Fred Ward, Action Hero

remo

Don’t let the bad guys get away with it, because Remo Williams: The Adventure Begins is the Greatest Movie EVER!

Click on the movie poster or the title above to download our review of the film, featuring Sean ‘Hollywood’ Hunting.

Review in a Nutshell: Based off of a long-running series of ‘men’s adventure’ novels, Remo Williams tries to emulate the James Bond films and to find a happy middle ground between action-movie seriousness and tongue-in-cheek camp. It does not ultimately succeed, but the film inspires some interesting conversation.

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7 Responses

  1. Great Merciful Goddess, Paul! Tammy and I saw this movie – it was the first time we’d seen a film adaptation of the work of somebody were knew personally. (Warren Murphy and his then-wife Molly Cochran were active in the New York City mystery community about the same time we were, and we all got friendly because we had several writer/editor friends in common.) We didn’t expect the movie to be great – but we sure didn’t expect it to be the complete failure on every creative level it turned out to be! Incomprehensible “martial arts” performed by a star who moved like a barroom brawler, “superhuman” powers shown by some of the most obvious special effects trickery since the Forties SUPERMAN serial (the one that used cartoons to show Superman flying?) – oh, and the Korean Chiun played by that great Asian actor Joel Grey in blatantly obvious Yellowface!

  2. I kind of like some of the low-rent special effects trickery, but yeah, we discuss everything you mention on the podcast, Tim.

  3. I’d have liked it better if it had worked, Paul – it’s certainly possible to use low-tech effects work and make it either look believable or at least adroit in how it’s covering things up.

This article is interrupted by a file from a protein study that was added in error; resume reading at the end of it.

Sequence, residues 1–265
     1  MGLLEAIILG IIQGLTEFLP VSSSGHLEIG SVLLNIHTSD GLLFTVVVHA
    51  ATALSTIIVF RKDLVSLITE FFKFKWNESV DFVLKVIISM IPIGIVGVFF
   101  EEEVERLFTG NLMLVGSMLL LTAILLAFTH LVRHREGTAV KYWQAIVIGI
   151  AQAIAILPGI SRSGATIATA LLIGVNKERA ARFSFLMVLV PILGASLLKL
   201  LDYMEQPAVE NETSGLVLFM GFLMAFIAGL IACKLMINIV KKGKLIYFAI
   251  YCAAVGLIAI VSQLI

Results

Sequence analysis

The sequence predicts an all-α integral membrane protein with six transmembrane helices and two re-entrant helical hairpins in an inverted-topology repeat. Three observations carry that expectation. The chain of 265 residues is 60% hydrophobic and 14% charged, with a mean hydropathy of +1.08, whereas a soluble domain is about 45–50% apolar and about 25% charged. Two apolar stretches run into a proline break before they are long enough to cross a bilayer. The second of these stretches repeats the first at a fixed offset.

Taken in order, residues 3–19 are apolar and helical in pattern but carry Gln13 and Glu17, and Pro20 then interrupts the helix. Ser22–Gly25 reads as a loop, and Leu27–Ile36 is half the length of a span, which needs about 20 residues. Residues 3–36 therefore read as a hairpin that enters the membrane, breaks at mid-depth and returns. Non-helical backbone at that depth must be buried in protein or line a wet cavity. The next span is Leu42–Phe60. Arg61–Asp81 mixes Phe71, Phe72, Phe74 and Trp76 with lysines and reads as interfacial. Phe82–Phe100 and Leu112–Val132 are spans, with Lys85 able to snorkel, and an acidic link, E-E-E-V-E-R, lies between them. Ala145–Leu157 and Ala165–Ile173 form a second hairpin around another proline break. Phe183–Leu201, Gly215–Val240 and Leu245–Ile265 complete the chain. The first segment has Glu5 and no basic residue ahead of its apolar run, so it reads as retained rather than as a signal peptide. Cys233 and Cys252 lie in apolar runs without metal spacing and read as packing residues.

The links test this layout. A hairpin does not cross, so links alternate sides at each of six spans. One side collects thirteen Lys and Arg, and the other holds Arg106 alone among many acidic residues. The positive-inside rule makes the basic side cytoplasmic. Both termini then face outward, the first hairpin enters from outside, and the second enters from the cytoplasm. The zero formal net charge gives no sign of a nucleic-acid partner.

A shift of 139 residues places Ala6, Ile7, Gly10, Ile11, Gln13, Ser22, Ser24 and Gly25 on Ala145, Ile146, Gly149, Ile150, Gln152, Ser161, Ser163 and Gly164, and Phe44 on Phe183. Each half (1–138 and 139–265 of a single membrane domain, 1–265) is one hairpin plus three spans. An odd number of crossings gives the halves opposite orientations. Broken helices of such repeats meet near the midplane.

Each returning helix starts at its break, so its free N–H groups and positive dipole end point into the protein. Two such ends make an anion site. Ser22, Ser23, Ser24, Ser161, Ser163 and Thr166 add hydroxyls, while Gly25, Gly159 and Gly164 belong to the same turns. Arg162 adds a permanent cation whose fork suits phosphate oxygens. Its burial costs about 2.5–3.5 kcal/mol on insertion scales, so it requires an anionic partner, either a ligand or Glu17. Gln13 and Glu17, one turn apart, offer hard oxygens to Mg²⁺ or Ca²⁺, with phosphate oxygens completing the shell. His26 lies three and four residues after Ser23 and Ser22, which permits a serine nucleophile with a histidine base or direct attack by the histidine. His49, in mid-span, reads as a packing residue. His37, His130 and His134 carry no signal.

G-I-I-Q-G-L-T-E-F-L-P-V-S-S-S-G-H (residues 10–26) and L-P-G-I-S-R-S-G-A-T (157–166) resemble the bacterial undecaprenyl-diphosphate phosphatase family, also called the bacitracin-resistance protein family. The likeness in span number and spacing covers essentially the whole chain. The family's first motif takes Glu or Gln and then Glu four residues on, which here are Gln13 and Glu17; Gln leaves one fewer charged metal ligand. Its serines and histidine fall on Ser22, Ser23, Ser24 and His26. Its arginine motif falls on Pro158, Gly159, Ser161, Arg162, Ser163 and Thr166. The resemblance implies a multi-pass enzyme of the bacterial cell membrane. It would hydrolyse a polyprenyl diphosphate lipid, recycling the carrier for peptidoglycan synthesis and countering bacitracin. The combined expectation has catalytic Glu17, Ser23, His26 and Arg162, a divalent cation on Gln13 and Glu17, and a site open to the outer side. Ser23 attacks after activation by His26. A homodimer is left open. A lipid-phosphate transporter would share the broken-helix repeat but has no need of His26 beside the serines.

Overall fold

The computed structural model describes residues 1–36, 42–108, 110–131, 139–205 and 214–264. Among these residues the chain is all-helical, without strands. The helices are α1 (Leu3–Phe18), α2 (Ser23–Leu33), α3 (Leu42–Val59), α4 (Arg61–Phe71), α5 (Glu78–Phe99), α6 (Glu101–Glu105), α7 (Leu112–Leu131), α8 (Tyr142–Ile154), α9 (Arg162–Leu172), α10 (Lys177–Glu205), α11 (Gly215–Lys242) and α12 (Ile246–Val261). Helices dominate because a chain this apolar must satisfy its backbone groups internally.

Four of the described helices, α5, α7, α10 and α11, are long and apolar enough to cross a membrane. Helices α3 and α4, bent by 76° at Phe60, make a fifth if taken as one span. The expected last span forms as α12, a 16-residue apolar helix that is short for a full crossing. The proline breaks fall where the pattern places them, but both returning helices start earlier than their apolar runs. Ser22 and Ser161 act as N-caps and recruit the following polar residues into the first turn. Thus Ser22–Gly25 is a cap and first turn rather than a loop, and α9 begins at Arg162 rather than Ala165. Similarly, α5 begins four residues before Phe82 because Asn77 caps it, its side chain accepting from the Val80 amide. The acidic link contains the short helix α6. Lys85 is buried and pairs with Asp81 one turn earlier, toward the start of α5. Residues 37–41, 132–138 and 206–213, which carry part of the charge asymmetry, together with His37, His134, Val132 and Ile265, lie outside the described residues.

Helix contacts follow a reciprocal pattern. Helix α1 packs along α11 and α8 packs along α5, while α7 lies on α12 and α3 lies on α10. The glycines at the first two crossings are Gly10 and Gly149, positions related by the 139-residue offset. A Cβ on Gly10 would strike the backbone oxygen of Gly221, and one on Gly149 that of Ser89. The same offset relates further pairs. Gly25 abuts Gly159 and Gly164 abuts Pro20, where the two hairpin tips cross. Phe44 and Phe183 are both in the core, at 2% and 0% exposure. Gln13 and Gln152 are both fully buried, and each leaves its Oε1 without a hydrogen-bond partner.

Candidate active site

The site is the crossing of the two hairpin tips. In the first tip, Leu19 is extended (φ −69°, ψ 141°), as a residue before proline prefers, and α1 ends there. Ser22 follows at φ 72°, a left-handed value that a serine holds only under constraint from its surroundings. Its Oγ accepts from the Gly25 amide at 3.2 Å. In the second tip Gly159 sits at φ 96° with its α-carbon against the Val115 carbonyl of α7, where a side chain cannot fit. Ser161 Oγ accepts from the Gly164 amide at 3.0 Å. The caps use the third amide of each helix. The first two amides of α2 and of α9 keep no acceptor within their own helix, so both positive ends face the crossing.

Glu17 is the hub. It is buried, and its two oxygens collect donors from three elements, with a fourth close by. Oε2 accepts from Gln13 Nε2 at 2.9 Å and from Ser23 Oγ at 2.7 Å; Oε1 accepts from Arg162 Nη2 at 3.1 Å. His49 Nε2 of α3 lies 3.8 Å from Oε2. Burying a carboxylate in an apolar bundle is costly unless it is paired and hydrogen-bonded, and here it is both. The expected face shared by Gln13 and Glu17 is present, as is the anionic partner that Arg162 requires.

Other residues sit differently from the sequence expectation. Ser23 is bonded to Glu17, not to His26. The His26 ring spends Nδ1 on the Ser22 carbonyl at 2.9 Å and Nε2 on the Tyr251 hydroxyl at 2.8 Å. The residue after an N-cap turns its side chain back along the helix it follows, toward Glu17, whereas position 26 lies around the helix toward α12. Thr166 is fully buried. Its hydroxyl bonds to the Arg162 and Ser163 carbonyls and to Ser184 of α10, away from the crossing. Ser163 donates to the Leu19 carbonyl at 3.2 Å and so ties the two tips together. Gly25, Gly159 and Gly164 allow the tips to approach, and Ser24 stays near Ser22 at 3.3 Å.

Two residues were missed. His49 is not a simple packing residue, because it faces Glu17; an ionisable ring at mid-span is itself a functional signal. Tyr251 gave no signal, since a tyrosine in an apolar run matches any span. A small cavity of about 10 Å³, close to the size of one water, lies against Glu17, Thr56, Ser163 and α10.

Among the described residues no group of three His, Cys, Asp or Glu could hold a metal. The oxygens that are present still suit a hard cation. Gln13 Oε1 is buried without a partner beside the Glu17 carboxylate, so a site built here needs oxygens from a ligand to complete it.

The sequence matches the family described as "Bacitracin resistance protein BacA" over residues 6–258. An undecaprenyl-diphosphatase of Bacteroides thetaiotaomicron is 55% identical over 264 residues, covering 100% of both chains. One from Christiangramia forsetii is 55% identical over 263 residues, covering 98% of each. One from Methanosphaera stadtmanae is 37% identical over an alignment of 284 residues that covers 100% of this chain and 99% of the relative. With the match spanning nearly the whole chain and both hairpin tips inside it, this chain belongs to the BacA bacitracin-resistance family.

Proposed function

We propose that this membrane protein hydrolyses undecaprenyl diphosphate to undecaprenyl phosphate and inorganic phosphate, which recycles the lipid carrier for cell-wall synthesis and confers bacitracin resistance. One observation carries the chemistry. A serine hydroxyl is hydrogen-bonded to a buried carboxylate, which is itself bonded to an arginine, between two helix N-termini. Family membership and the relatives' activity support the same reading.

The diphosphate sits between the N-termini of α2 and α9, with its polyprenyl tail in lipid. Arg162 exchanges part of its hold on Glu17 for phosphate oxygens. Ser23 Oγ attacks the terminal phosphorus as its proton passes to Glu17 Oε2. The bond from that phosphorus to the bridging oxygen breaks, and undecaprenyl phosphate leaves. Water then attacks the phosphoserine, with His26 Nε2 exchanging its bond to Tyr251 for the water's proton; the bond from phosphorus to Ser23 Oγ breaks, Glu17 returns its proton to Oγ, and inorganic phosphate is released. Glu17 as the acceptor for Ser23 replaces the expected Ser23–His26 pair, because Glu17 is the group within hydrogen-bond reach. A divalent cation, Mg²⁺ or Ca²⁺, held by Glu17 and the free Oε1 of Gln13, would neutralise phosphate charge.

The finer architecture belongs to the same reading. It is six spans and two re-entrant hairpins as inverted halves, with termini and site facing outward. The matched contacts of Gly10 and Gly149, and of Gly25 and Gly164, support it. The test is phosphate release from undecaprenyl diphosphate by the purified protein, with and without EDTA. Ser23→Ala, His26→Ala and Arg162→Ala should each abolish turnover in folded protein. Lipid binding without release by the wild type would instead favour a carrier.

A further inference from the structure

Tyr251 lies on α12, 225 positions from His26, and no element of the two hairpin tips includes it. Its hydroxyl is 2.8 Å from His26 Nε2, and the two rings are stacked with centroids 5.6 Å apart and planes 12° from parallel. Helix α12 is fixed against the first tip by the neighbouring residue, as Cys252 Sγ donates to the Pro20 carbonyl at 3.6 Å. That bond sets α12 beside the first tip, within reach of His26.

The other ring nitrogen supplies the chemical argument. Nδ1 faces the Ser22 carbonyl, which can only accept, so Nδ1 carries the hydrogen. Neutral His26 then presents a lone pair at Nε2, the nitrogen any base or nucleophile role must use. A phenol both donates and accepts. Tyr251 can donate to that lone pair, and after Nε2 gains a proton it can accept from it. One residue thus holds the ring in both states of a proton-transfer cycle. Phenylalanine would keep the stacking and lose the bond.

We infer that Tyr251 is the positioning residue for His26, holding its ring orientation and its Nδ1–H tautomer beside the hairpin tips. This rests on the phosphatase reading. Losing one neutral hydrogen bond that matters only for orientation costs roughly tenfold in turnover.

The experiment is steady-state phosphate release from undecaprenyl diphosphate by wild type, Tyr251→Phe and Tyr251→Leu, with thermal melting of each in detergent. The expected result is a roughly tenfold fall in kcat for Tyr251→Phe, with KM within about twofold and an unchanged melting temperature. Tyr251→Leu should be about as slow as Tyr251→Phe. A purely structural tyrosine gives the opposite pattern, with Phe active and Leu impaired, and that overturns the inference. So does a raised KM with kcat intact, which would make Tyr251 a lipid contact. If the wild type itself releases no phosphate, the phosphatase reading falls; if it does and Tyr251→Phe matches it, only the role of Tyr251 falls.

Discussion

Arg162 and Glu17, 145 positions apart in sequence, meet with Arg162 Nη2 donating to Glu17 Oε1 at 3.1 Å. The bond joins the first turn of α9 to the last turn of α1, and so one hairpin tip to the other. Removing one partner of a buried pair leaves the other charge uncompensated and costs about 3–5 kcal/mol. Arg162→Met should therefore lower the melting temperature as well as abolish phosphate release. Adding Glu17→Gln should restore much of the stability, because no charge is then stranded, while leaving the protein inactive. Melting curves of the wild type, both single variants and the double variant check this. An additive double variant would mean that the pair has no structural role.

4. The destroyer novels being deadly serious? Nope, actually some of the silliest books ever written, in a good way.

  5. Also, it did indeed get a sequel. It was a Tv series pilot with different actors but it was a straight up sequel. Dont think it was ever aired but it can be found online.

  6. Bo’s right – with a caveat. The first two books in the series, CREATED, THE DESTROYER (Remo’s origin story, his training with Chiun, and Con McCleary’s brutal murder which motivates Remo from reluctant to wholehearted assassin), and THE DESTROYER: DEATH CHECK (Remo on his own infiltrates a high-tech think tank/gated community, discovers ex-Nazis into S-M have subverted the leading scientists so they can build a “Fourth Reich” on the smoking ruins of Israel) fit Paul’s and Sean’s “goofy but deadly serious” assessment. They are also the two books in the series Richard Sapir and Warren B. Murphy actively collaborated on.

    With the third book, THE DESTROYER: CHINESE PUZZLE, Warren took over as “showrunner” for the series – and the tone changes sharply towards humor, and Chiun goes from a rarely seen menacing figure (the one man who can kill the trained to be unkillable Remo Williams) to Remo’s adorably goofy but deadly sensei, partner and surrogate father. As Warren used to say rather often, after the first two books he and Sapir decided they didn’t like working as a team, and Sapir was more interested in trying to write bestselling thrillers anyway (he wrote five novels under the name “Richard Ben Sapir” before his death in 1987). So Warren got to run The Destroyer series for the next fifty books, and Sapir would get credit as co-creator – then, if Sapir wanted to take over, he could. He didn’t, and Warren has run the series for all but the first two books….

  7. PS: Bo – the REMO WILLIAMS television series pilot did air, once. Tammy and I caught it – it was, if possible, even worse than the movie! Roddy McDowell replaced Joel Grey as Chiun – and while I hate having to defend any White actor pretending to be non-White, Grey’s dance training at least let him simulate being a martial artist with some degree of success. McDowell didn’t even have that going for him….

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